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Cairns: All-Around Wonder Dogs!

Cairn Terrier in Lure Coursing

This article was originally published in Showsight Magazine, June 2013 issue.


Cairns: All-Around Wonder Dogs!

I am frequently asked, what do I like about Cairn Terriers? What made me pick a Cairn? My answer is I love everything from their cute fuzzy faces with the sparkly button eyes and their perky little ears to their carrot tails and their precious little feet. They are the best buddies ever and they are always ready for anything you are. Best of all, I love how smart my Cairns are—and when you harness their attitude… you have a winning combination.

Cairns can do anything! They are my sweet buddies who are with me as I read or watch TV, go on long hikes in nature with me, play with me until I (not usually they) tire, learn tricks until I run out of ideas of what to teach them, and do all kinds of performance events—and do all of it well. It never ceases to amaze me how quickly they learn.

There is an incredible brain behind those trusting brown eyes. When they understand your language of how to learn, they just want to learn more and more. And when they know they are doing something really well—and they know you like it—their little eyes sparkle with excitement, their carrot tails stand at attention, and their bodies exude excitement. That is what got me hooked on performance with my Cairns.

Positive reinforcement and clicker training are the perfect communication tools to teach Cairns. Cairns want to be “right”—and when they learn that the clicker means, ‘Yes, that’s right’ and they get treats to boot… the door is open to endless opportunity… everything from limitless numbers of parlor tricks to performance events of all kinds. Cairns love to have a job. And besides—I’d much rather keep them busy learning something I want them to do — then have them learn something that they think is fun and I have to “unteach!”

Positive reinforcement and clicker training are the perfect communication tools to teach Cairns.

Cairns excel at all kinds of performance events—Lure Coursing, Obedience, Rally, Agility, Tracking, and of course, Earthdog and now Barn Hunt. I have heard it said that you can’t ask a terrier to do something too often or they get bored. I agree with that statement—and at the same time, I like to take advantage of it. That is why my guys do tricks and Agility, Rally, Obedience, Tracking, Barn Hunting, Lure Coursing— anything I can fit into the schedule.

So, if you are interested in doing performance with your Cairn, the tips I would offer are:

1. Get the Right Dog

  • A dog with good structure is vital.
  • A dog with drive, yet biddable, willing to please.
  • A dog with good temperament–a dog that is confident enough to be around crowded places and lots of dogs and people without getting “cranky” or stressed.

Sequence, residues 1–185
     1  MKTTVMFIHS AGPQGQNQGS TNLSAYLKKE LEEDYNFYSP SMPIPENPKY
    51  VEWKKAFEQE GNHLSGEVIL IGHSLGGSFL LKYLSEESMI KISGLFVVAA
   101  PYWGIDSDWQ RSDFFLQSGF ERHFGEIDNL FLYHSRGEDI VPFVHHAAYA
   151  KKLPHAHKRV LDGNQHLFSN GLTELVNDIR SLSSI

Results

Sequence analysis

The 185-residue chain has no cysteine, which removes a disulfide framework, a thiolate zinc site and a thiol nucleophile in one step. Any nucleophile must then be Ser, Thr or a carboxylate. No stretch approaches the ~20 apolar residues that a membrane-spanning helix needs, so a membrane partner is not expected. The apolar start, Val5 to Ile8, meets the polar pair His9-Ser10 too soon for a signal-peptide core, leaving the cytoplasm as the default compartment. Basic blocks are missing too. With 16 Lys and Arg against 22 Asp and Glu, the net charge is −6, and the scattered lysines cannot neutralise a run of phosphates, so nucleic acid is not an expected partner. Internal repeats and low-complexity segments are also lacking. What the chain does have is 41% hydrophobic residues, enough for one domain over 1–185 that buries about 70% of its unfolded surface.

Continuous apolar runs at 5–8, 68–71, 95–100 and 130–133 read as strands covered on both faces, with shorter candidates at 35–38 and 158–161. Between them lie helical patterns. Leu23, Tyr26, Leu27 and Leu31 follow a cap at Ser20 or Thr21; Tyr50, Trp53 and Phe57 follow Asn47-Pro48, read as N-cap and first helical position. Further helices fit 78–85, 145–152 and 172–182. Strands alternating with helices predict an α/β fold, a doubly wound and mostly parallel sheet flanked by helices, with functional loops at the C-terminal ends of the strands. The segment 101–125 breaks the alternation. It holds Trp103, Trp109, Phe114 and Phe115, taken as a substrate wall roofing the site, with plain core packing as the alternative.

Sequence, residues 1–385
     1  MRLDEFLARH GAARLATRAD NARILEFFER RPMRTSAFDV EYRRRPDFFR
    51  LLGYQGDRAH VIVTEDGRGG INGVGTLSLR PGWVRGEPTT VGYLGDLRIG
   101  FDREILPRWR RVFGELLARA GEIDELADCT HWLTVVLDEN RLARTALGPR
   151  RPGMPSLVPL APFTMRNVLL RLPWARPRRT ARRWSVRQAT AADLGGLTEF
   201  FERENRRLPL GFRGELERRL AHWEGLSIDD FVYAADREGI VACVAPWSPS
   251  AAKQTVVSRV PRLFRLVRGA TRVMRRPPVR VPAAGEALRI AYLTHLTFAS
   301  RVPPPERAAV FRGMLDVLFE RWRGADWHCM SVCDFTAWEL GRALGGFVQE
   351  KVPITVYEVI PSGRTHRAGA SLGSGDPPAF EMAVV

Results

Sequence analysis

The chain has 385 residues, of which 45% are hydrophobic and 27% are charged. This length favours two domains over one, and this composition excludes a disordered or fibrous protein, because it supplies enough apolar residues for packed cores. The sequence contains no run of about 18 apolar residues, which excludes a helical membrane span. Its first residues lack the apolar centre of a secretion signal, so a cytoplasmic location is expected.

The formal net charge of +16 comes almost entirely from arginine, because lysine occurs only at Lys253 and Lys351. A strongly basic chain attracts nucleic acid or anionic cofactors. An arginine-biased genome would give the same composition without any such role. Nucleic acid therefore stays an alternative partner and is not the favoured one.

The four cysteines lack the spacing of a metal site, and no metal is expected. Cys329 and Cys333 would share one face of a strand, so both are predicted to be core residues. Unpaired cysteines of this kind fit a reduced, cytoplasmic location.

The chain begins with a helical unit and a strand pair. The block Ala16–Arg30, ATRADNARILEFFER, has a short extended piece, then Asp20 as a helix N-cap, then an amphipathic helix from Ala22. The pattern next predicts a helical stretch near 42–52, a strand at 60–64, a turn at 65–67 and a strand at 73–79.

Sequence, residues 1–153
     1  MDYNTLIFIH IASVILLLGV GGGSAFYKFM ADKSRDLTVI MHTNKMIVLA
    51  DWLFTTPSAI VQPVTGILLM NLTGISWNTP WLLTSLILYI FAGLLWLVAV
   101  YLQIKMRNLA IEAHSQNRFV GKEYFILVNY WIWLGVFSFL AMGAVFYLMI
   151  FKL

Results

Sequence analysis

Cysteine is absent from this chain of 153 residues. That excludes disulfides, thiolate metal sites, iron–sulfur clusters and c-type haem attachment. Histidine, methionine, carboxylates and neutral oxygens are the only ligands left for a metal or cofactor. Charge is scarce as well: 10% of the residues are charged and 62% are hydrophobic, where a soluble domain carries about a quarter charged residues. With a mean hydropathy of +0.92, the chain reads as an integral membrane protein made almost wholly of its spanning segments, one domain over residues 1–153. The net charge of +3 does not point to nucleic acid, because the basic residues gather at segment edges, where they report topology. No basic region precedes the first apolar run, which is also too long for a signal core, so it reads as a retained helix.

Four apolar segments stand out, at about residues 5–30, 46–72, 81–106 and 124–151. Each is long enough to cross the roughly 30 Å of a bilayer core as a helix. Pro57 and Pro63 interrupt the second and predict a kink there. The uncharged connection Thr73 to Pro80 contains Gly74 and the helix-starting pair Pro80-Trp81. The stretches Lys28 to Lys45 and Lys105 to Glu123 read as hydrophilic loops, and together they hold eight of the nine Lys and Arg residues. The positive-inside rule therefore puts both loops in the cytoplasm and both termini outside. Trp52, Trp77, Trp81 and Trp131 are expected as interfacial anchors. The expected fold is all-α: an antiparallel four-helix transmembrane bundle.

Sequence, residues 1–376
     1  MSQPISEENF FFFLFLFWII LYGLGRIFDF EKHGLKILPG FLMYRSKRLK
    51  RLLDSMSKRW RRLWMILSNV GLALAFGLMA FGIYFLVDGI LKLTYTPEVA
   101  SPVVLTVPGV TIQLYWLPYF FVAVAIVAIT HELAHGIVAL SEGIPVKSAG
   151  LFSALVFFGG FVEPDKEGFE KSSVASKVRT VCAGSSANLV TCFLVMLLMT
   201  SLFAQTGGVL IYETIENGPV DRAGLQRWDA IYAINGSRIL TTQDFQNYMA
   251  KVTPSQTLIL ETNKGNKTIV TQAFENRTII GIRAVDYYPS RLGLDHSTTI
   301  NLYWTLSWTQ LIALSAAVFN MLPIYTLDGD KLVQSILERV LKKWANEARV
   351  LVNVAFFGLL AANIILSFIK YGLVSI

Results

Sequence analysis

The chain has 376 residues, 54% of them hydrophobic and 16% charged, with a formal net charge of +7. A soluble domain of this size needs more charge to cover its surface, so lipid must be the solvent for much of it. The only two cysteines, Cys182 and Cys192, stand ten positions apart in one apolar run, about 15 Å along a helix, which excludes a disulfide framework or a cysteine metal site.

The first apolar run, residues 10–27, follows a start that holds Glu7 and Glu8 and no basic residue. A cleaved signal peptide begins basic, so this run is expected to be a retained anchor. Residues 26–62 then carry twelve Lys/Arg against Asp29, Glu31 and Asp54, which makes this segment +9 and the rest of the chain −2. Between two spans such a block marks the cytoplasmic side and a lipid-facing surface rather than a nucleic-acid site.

2. Get the Best Trainer You Can Find

They are worth every penny. Personally, I would rather go to a trainer who has acheived the highest level in the area that I want to train with multiple dogs— and trained others who have been able to achieve those same high levels. They teach me what I need to know about the “handling” and training needed to get the most out of my dogs.

3. Know Your Dog

Know what motivates them and what demotivates them. Take the time to teach them different motivators. Each dog, even among my three Cairns is slightly different. Ella is food motivated to the Nth degree… but I also taught her to play with toys… it helps a lot at keeping attention on me. Bret is my toy boy—he loves his toys and is often seen walking around with a toy in his mouth… he is also Mr. Congeniality… and wants to give his toy to play with anyone who is nearby… I taught him to be more food motivated. The bottom line is to have a relationship with your dog.

4. Train Outside of Class

Put to use what you learn in class so that both you and your dog remember… and make it fun training—not drudgery. We mix in lots of play and treats with our training so that they think it is fun. And we never spend more than 15 minutes at a time doing training.

5. Give Your Dog Time Off

Let them just be a dog… for me that also means that we do not trial every weekend. For me as well as my dogs, we have at least one, often two weekends a month when we do “other things.” When we go back to training/trialing—they are fresh and rarin’ to go.

Let them just be a dog… for me that also means that we do not trial every weekend.

6. Don’t Forget Fitness

I work at keeping my dogs fit to avoid injury. I have gone to multiple seminars to learn about different types of exercises (the “kids” think it is tricks!) for core muscles, front end, back and back end. We go for walks (1-2 miles) per day whenever possible—and do the treadmill when it’s not. They see a chiropractor/animal massage expert monthly. And, of course, they see the vet, get the best food and only eat homemade/human-grade treats.

7. Cross Train

It makes it fun for them to have different things that they can do.